Almost two years after a tragic train derailment and explosion hit the small town of Lac-Mégantic, Que., lawyers are set to gather in a Sherbrooke court this month to consider next steps towards a proposed $300-million settlement.
On July 6, 2013, a runaway Montreal Maine and Atlantic train hauling 72 tankers of crude oil derailed and exploded in Lac-Mégantic, killing 47 people and destroying more than 40 buildings. It set in motion a complicated cross-border insolvency case.
Settlement negotiations commenced late last year and continued into early 2015 led by the U.S. trustee addressing the 19 wrongful death cases in the U.S. as well as Companies’ Creditors Arrangement Act court proceedings in Canada and insolvency proceedings in the U.S.
Beginning June 9, three court dates will address approval of the settlement — they are about the wrongful-death victims, the government’s claims, and a class action.
The U.S. trustee in bankruptcy, lawyer Robert Keach, along with the counsel for the insolvent MMA railway, ran the settlement negotiations. They dealt with plaintiff counsel in the U.S. and Canada, as well as all defendants in both countries, trying to cut a deal that would result in any party that settled being fully released.
It permitted actions to continue against any non-settling parties. Settlement agreements were signed with almost all involved, and contributions from most of the defendants now total about $300 million.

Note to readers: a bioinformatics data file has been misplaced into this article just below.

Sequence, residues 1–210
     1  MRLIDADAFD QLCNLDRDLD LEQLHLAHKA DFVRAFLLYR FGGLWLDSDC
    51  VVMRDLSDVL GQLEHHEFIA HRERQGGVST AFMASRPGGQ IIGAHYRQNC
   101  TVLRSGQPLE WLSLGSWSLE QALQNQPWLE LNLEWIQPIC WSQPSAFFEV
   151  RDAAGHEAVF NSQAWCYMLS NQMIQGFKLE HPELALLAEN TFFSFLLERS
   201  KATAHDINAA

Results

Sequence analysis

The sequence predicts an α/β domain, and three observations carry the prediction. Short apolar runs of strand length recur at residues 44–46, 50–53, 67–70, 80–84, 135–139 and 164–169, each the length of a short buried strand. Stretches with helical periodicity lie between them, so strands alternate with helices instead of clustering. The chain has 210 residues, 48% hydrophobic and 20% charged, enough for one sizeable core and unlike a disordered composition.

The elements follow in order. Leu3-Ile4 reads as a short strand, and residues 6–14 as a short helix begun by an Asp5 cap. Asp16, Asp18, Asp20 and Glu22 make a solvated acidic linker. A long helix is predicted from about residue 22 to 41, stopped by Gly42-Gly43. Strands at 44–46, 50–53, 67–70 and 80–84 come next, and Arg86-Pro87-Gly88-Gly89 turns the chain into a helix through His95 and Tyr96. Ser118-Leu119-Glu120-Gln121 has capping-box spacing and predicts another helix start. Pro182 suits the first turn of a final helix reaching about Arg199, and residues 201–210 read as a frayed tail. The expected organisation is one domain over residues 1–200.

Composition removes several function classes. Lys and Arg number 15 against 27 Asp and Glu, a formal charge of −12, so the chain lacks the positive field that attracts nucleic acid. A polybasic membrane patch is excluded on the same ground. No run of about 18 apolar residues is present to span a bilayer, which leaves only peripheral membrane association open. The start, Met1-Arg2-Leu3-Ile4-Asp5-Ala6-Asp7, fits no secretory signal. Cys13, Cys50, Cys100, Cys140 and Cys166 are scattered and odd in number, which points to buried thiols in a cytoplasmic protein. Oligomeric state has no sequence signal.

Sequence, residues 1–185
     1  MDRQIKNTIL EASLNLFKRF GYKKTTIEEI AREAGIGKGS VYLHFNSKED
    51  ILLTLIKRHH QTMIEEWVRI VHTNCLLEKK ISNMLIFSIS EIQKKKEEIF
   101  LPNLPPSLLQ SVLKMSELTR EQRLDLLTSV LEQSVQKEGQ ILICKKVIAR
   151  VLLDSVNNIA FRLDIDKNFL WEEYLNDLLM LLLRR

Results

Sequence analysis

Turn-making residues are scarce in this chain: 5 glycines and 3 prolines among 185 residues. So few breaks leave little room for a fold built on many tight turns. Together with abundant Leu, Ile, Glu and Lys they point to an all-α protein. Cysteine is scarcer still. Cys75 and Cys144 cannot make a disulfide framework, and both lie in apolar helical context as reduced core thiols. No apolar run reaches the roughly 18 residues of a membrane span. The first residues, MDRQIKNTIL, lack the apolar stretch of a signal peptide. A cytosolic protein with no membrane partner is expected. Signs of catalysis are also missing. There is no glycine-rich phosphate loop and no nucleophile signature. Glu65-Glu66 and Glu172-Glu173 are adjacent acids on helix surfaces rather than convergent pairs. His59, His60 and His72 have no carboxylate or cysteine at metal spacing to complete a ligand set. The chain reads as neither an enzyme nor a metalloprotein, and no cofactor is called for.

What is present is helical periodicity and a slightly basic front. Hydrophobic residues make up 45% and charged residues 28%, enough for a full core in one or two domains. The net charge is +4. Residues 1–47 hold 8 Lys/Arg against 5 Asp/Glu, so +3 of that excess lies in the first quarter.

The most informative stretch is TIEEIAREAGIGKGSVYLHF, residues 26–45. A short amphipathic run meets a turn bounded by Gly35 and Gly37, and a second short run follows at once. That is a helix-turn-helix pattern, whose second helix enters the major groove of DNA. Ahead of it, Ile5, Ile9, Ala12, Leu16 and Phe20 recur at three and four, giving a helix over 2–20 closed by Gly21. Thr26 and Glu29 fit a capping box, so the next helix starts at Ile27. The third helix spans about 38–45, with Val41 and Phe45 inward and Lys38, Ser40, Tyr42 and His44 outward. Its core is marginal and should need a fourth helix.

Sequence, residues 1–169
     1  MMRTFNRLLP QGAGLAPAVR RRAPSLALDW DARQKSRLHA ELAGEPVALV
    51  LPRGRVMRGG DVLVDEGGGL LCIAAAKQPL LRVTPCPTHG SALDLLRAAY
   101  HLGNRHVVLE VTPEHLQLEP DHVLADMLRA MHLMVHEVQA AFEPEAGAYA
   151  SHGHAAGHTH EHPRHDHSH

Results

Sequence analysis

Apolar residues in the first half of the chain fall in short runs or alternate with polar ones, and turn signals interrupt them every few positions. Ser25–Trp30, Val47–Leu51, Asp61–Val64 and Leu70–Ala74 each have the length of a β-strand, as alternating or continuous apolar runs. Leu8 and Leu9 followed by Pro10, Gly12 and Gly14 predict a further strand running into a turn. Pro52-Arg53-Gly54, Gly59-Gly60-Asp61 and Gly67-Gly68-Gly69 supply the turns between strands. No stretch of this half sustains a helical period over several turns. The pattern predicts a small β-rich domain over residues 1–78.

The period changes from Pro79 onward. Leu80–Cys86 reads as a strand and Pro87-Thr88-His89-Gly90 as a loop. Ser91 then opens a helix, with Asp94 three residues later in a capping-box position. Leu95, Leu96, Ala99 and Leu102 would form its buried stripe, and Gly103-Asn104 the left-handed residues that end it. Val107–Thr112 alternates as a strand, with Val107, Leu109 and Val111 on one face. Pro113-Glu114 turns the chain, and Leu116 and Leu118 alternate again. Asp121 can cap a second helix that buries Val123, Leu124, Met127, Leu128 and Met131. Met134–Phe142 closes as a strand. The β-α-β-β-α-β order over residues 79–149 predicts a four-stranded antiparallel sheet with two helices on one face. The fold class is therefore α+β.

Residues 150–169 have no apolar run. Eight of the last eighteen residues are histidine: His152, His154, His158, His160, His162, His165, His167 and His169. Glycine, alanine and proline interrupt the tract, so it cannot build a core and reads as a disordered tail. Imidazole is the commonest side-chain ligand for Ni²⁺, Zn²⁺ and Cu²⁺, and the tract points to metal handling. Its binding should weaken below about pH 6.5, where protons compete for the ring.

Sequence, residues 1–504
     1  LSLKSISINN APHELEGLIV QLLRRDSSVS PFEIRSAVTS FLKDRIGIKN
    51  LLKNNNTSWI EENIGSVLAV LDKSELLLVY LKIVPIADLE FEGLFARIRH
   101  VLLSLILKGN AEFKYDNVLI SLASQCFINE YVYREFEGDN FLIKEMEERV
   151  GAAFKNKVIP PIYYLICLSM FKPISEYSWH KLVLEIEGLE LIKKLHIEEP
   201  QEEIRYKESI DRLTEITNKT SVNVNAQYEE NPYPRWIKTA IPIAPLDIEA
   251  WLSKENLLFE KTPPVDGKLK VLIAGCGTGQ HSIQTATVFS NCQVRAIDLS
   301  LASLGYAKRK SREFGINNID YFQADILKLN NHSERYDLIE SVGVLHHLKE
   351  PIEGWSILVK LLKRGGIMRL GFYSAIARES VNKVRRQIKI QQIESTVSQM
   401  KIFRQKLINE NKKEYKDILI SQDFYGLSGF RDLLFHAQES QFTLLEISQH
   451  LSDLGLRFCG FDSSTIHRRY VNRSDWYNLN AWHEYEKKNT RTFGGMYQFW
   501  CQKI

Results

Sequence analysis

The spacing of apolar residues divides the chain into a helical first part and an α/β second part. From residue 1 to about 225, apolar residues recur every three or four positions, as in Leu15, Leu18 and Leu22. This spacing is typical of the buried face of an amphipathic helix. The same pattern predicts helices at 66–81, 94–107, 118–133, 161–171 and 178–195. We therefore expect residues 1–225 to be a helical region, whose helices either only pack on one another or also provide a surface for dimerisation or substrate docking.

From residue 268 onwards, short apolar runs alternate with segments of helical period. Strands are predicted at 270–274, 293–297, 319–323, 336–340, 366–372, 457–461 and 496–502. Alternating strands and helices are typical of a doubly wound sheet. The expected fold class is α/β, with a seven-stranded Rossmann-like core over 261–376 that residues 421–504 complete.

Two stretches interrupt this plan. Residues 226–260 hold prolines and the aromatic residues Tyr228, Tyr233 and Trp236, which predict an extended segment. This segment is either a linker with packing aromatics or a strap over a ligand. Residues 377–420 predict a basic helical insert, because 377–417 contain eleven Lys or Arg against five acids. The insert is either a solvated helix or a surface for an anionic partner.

To kick things off, a creditor’s meeting is being held June 9 when approvals will be sought for the settlement plan (it requires two-thirds approval). It is expected the plaintiffs in the class action will approve and then it will go before the CCAA judge June 17.
Only Canadian Pacific Railway Ltd. has not joined the settlement. On Monday, a settlement of US$110 million was announced with World Fuel Services.
On June 15, Justice Gaétan Dumas will hear a motion from CP that the CCAA doesn’t have jurisdiction. CP maintains it does not have any liability in the matter, according to Enrico Forlini, a partner with Fasken Martineau DuMoulin LLP in Montreal, speaking on behalf of the company.
Forlini says CP’s view is the train that derailed in Lac-Mégantic was operated by Montreal Maine and Atlantic Canada Co. on MMAC’s tracks, using MMAC crew/employees, and MMAC locomotives.
“CP does not oppose the payment of monies to victims of the tragic events and indeed welcomes the fact that those who understand that they have culpability have contributed,” Forlini said in an e-mail to Canadian Lawyer InHouse.
However, he adds that CP opposes the method MMAC, the monitor, and the U.S. trustee “purport to achieve the settlement.”
He says the CCAA is being used in a way it was never intended to be used and the law does not apply to railways. Moreover, he adds it is improper to use the CCAA to create a plan of arrangement through which:
1. The company at the heart of the plan — MMAC — is never restructured/ reorganized, nor is it released from liability;
2. CP is deprived of the opportunity to exercise its voting rights; and
3. The releases contemplated in the plan are far-reaching, deprive CP of its right to a full and fair defence to the Quebec class action, and are not, directly or indirectly, related to the restructuring of MMAC.
CP has filed two motions with the Quebec Superior Court: